end to them so they grip hard surfaces such as rock. The LEKI tips have
a cone shape indentation in them resulting in a round sharp edge. This
looks and feels like it should provide good grip, but I can’t help
wondering how quickly these edges will wear down and become smooth.
Since it took years for me to wear down the tips of my old poles, I
suspect I am unlikely to resolve this during the 4 month timeframe of
this test. But I will be keeping an eye on this.
LEKI offers a
lifetime warranty against breakage of their aluminum shafts, this
covers only the shaft. They have a page on their website that explains
the warranty as well as a Warranty Request/Return Authorization form to
be filled out for warranty requests.
The poles do not include any
sort of shock absorption. While this seems like it could be a negative,
I have found I actually prefer to not have shock absorbers’ in my
trekking poles. I have found that when using the poles for vaulting
over obstacles (mud, water, etc) the shock absorbers provide less
stability. This also applies for times when I need to quickly plant a
pole to recover balance; I find a firm pole with no give works far
better. I have yet to find conditions when the shock absorbers have
helped and as such normally operate my old poles with the shocks
disabled. Not having a feature I don’t use should save a bit of weight
and reduce the complexity of the poles (e.g. one less thing to break).
these look to be well made. The shape and size of the handle fit
comfortably in my hands, and the straps are comfortable. The speed lock
seems to be a quick and simple way to allow me to adjust the poles as
Speed locks easy to
operate and seem strong
The color took a
bit of getting used to (this may become a ‘like’
fit my hands well and feel comfortable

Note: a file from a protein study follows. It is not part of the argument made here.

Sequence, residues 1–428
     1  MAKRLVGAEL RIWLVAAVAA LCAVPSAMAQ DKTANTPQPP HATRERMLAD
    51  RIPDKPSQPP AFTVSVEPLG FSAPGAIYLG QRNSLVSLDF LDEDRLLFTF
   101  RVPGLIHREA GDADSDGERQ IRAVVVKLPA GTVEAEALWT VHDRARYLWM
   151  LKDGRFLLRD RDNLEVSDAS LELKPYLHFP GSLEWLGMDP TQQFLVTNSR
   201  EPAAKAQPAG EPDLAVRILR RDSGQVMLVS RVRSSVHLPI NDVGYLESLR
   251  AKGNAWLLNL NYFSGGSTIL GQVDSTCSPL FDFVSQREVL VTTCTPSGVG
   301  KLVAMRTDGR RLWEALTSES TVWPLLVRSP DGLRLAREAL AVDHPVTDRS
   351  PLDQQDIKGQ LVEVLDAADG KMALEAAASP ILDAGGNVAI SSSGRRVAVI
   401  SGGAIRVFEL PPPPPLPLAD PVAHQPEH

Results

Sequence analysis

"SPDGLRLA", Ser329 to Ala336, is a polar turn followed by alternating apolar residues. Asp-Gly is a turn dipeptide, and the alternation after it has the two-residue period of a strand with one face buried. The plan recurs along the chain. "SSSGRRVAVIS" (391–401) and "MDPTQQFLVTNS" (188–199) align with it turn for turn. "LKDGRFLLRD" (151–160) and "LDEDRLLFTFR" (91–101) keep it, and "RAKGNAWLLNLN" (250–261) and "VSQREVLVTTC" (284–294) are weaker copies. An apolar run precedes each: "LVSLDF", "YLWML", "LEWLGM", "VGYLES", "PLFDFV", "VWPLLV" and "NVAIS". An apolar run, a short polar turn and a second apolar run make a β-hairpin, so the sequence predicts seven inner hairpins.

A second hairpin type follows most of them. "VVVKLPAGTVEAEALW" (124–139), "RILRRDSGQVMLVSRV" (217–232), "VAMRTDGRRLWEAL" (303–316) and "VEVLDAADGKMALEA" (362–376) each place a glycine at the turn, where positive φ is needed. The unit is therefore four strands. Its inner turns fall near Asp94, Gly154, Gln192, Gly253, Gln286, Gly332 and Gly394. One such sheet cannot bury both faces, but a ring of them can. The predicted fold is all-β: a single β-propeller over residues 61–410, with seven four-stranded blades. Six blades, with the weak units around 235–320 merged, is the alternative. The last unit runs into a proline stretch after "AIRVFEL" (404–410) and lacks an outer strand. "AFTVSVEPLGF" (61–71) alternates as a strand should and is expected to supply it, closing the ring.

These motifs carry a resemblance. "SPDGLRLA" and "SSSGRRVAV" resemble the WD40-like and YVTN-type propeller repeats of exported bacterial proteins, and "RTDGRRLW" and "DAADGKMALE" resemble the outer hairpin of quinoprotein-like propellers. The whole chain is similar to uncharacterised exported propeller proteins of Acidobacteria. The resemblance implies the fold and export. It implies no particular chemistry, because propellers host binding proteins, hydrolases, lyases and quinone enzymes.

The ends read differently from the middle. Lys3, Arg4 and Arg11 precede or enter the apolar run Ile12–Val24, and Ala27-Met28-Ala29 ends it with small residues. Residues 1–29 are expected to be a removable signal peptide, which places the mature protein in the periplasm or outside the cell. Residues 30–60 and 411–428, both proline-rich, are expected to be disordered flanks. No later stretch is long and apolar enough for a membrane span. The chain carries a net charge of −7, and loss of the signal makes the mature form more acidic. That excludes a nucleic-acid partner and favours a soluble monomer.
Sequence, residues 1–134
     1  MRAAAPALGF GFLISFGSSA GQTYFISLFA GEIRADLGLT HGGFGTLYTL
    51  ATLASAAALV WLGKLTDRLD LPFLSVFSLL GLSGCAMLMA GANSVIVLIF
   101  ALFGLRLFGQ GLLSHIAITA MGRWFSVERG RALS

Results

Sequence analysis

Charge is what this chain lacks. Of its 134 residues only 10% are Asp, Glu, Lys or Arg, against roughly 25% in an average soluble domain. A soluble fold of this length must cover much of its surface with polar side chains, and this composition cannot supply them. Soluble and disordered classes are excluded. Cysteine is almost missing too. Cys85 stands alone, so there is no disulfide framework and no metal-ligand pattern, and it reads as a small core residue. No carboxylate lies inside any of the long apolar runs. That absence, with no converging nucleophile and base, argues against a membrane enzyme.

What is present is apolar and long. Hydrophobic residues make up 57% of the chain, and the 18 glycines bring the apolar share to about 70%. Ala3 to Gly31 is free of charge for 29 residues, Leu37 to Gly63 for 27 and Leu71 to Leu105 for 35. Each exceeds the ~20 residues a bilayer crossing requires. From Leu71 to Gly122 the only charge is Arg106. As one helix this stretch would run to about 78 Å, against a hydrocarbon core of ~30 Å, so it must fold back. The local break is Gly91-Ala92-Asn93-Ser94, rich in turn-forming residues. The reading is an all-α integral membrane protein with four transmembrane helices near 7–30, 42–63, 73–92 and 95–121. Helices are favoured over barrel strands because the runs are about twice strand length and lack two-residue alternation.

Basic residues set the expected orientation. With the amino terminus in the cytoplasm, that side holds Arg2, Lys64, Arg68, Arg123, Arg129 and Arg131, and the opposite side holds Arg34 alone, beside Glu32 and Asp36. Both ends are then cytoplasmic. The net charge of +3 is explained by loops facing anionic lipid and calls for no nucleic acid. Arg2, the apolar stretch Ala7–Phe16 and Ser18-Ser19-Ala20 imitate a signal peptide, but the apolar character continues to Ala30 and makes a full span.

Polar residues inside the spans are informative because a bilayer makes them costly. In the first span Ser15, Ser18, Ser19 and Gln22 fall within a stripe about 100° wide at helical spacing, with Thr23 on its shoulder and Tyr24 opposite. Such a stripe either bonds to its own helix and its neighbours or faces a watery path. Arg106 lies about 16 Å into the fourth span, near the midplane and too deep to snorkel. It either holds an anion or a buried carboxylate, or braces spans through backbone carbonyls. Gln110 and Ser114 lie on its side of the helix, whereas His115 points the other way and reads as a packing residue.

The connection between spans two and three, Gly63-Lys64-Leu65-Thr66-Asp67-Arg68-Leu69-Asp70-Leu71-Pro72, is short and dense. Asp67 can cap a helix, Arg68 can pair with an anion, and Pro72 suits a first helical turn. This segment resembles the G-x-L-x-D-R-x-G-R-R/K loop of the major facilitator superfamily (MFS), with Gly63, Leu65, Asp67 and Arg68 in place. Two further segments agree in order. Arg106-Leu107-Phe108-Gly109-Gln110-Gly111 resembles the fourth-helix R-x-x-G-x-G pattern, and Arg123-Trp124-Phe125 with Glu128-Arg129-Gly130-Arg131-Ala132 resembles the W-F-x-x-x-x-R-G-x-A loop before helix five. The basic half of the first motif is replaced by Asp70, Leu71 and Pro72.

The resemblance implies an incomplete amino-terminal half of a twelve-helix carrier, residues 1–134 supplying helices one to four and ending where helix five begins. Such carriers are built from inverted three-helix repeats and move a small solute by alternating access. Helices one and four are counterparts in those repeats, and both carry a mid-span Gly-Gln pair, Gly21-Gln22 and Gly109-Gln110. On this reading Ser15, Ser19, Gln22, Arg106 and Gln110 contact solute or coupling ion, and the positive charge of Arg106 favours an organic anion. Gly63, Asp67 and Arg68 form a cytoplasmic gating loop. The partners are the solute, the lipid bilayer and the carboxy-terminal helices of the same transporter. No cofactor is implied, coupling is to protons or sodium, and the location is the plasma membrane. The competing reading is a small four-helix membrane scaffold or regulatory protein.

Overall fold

The grips are hard
and have no cushioning
straps easy to adjust and comfortable (my favorite
part of the poles)
easy to take off / put on
- July 13 '10
- Snowshoe (day trip) to Deer Lake – Hard packed
snow at the bottom & deep wet snow near the lake
- 1 overnight snow camping trip White Pass Ski
area (I show shoed up the ski runs)
- 3 day Ecology camp (3 days at a camp ground
with day hikes exploring and learning about the Dry Falls area)
- 3 Day hikes Cowiche canyon with my daughters
- 2 Day Hikes Umptanum Creek with my daughters
- 1 solo day hike Umptanum Creek
- Climbing Mt Adams 2 days
These poles are solid, and the speed locks work great.
My initial usage of the poles was for snowshoeing, where the strength
of the locks was put to the test. In the uneven terrain and variable
snow conditions (from packed hard as ice to moderately deep soft snow)
I put most of my weight on the poles to prevent falls, when getting up
and especially when descending the steep ski runs.
For my day hikes I varied things up by using only 1 pole for some of
the trips. My solo trip was kind of a speed hike where I tried to
maintain a brisk pace, in doing so planted the poles with force for
each step. On one of the Umptanum hikes we used a log to cross the
stream. Normally I would leave my poles at their normal length and use
them as best I can for support, but here the speed locks came in handy.
I quickly extended the poles to their full length there by making the
stream crossing easier and safer. After crossing, I was able to quickly
adjust them back to my preferred length and continue on my way. On this
feature alone, I have demoted my old trusty poles to my “extra gear”
During two of the day hikes we experienced some heavy rain (also a bit
of hail on one). I found the handgrips function just as well
they do dry. In switching between using heavy gloves, thin glove
liners, and bare hands, I had to adjust the wrist straps. I found them
quite easy to adjust, and once set do not seem to slip at all. The
wrist straps are also comfortable and do not seem to rub or scratch. I
found the rounded tops of the grips to work very well when I wanted a
bit more length, such as when going downhill, or to give my hands a
rest by varying my grip.
Swapping out the baskets on the poles has been quite easy. During my
snow camping trip, when I was looking for a suitable location for a
snow cave I was able to quickly remove the snow basket from one pole,
extend it to its full length, and use it as a probe to determine snow
depth and look for hidden obstacles (rocks, logs, etc). Then while
digging my shelter, I shortened the pole and used it as a depth gage,
and then finally to open and maintain air holes (it snowed the entire
trip) in the top of my shelter.